by C. W. Marshall
Anyone who spends time looking at how classical drama is performed today creates in his or her head an ever-evolving series of definitions concerning degrees of translation. The same terms are often used in the vocabulary of these discussions - translation, adaptation, version, rendering - but the semantic field that each term encompasses necessarily varies from one person to the next, as different influences from culture, upbringing, and experience exert themselves. The axis of 'fidelity' possesses many stops, and how we perceive these points depends on our familiarity and associations with the source material. But even this initial framing is inadequate: because I locate a modern performance against its relationship to a specific source text from antiquity (or its absence) does not mean that this is what the artists involved do, or indeed that this is a preferred means of reading a given performance.
This is a necessary obstacle in the course of reception studies, and no consensus will be possible: indeed, should a consensus emerge as to what separates a version from an adaptation, it would be the obligation of artists to challenge such definitions, pushing boundaries further, and forcing the audiences (scholarly or otherwise) to refigure how the source text and the imagination relate to one another. We need to acknowledge how much of the reception of contemporary performance is subjective: what we perceive might be very different than what is perceived by other spectators at the same performance, and it is only through the clarity of articulation that a dominant perspective may emerge, for good or ill. Theatre reviews serve this function, and their importance increases as time passes, eyewitness memories fade, and nostalgia or personal agendas revise the impression that the performance created. Good theatre provokes the emotions, but emotional responses are transient and can change in retrospect.
Further, significant changes can take place even during a run. I remember attending a performance of Prometheus Bound in Montreal in 1987. During an audience-feedback discussion early in the run, I commented on the decision to have Prometheus break her own bonds at the end of the play ('her': it was an female Prometheus), and suggested that this choice diminished (for me) the sense of ongoing tragic suffering, reducing a seemingly endless purgatory into 75 minutes of discomfort, and undermining the play's last line, on unjust suffering. I was told that later performances in the run removed this final stage action. I regret that comment, now, in the same way I regret audience-feedback sessions generally, because of the changes that they can produce in performers and in spectators and later audiences. Though I didn't particularly like the performance, something about it stuck with me, and in 1996, almost a decade later, while I was advising on the casting of a university production of Prometheus, I suggested an all-female cast might help accomplish the director's aims. Would I have made that suggestion without the Montreal performance residing like an itch in my memory? Unlikely. But the resulting performance appealed to my imagination in many ways, and helped me understand other aspects of the play I had not anticipated.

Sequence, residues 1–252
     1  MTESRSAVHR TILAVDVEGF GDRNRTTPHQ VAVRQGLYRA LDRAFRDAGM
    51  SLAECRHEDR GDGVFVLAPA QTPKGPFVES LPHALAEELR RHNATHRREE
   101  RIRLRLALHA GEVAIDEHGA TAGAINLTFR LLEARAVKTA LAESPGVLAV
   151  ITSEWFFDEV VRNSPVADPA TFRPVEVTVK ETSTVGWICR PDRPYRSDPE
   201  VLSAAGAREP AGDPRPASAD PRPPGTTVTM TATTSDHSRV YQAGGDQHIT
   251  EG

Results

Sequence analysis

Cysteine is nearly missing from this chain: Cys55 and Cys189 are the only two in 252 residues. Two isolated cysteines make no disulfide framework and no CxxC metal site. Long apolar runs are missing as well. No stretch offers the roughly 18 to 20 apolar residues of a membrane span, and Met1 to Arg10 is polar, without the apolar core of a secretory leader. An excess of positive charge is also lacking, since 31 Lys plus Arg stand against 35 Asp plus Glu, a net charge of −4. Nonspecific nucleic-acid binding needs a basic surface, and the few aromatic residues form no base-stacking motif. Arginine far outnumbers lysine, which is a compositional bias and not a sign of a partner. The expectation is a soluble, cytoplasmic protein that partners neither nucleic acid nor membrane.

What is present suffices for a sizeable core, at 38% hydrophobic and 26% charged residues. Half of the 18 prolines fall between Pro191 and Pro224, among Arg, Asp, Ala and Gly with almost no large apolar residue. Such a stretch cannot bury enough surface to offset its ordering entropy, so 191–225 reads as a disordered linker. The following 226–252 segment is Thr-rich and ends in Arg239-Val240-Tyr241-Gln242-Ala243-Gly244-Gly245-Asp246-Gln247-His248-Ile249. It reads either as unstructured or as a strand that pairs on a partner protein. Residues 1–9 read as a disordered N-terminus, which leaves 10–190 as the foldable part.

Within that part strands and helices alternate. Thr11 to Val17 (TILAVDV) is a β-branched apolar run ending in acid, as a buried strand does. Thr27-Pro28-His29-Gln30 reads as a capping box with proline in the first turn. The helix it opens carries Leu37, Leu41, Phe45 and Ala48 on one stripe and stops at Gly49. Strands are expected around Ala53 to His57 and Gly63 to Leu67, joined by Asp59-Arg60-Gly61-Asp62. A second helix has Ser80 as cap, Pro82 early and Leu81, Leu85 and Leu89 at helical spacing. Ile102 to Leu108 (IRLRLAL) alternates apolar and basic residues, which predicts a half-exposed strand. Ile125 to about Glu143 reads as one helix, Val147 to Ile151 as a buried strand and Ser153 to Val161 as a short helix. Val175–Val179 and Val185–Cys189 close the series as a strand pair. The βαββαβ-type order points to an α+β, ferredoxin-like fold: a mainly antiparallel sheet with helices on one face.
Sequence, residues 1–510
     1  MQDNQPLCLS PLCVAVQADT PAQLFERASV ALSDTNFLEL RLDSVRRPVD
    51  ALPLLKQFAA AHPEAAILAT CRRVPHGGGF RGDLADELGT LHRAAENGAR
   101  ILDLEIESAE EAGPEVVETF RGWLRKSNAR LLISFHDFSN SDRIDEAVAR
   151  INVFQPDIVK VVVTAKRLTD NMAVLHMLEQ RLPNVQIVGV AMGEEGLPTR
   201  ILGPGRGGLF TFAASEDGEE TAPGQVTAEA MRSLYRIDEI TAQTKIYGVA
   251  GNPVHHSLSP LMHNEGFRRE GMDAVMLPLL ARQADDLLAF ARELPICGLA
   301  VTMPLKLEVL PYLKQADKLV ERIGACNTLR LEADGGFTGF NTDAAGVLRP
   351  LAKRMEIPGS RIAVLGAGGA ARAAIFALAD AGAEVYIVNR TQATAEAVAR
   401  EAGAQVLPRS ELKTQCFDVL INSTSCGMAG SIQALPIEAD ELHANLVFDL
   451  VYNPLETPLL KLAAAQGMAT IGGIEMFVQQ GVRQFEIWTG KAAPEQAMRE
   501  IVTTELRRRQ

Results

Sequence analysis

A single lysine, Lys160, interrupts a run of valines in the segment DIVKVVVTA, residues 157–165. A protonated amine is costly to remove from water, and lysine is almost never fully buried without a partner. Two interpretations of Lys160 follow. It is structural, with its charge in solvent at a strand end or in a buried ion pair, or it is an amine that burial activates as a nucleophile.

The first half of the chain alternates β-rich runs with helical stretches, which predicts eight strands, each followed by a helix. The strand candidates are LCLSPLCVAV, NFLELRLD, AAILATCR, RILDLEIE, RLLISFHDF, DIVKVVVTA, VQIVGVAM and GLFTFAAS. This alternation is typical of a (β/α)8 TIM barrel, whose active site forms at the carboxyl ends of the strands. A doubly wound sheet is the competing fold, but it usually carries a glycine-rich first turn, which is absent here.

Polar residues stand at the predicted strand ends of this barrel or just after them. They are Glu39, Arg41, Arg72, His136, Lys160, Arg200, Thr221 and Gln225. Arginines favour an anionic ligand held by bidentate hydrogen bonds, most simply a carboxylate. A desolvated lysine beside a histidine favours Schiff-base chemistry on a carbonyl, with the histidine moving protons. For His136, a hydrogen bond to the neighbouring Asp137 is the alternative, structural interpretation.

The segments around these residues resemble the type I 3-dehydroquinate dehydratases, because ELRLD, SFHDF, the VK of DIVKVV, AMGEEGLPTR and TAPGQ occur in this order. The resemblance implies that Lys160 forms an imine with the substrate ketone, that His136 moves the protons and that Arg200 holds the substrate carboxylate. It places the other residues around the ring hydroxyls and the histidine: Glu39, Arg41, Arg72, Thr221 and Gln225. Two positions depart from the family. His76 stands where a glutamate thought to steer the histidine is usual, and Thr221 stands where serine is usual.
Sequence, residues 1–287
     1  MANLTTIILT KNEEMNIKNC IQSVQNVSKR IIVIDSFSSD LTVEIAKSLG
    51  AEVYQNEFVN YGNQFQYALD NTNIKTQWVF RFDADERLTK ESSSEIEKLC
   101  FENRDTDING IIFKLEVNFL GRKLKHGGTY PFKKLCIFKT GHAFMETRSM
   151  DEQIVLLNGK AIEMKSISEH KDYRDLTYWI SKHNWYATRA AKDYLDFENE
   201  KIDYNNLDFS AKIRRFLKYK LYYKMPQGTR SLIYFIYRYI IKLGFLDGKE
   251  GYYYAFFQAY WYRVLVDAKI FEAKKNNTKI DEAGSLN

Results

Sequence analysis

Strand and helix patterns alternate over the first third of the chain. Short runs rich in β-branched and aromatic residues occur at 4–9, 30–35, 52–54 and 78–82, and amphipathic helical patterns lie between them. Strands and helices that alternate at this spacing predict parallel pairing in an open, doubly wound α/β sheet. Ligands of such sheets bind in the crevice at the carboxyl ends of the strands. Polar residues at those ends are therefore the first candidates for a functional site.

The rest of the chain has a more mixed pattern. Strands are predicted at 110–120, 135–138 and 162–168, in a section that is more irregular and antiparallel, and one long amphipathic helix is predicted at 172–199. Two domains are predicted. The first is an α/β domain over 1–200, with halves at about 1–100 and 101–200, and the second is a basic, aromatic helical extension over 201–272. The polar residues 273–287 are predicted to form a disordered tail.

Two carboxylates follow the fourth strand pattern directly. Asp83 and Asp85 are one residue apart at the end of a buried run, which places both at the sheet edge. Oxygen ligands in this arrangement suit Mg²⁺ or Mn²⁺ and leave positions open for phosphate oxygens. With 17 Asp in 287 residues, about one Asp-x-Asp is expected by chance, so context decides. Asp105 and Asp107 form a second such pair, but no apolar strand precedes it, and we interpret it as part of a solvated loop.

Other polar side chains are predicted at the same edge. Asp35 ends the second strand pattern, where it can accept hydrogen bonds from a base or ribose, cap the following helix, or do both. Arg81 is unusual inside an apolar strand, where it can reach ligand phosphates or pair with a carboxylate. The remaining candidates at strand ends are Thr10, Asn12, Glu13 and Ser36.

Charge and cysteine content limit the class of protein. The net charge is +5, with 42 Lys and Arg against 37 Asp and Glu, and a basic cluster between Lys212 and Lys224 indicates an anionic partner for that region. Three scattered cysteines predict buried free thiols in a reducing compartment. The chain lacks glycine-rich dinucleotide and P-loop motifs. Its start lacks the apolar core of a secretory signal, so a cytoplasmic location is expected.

A single stage direction can affect the interpretation of a performance or of a play, and so what is needed particularly are reviews and appreciations of performances that isolate these moments - moments in which meaning resides for, at least, one articulate spectator. These may not always be moments of 'significant action': any staging choice has the potential to create a resonance with a spectator that will have this larger impact. How we respond to contemporary performance affects how we respond to the ancient plays. As these responses accumulate, our appreciation of ancient drama is necessarily enriched.
The productions examined in this issue of Didaskalia exist at very different points along the axis of fidelity. Documenting choices involving music and voice, the use of the body, and even the boundaries of the performance context itself, these discussions preserve aspects of the performances they describe - as subjectively experienced by the authors, who possess different relationships to the performances in question. Each discussion presents an implicit relationship to the source text, and the use of visual material and audio clips can enhance our perception of the performances and this relationship. But in each case, it is possible to identify during the performance a moment - a moment where, paradoxically, the meaning of the source text seems to emerge, not in the precise representation of an ancient idea, but in its alteration, as the ancient play is changed to conform to the vocabulary of contemporary performance. Choices like these demonstrate that there are other axes available to the creative performer beyond that of fidelity. In introducing a variation, a new meaning emerges, and that meaning can illuminate and interpret the ancient work in novel, unexpected ways, with the potential of making it new and fresh and exciting.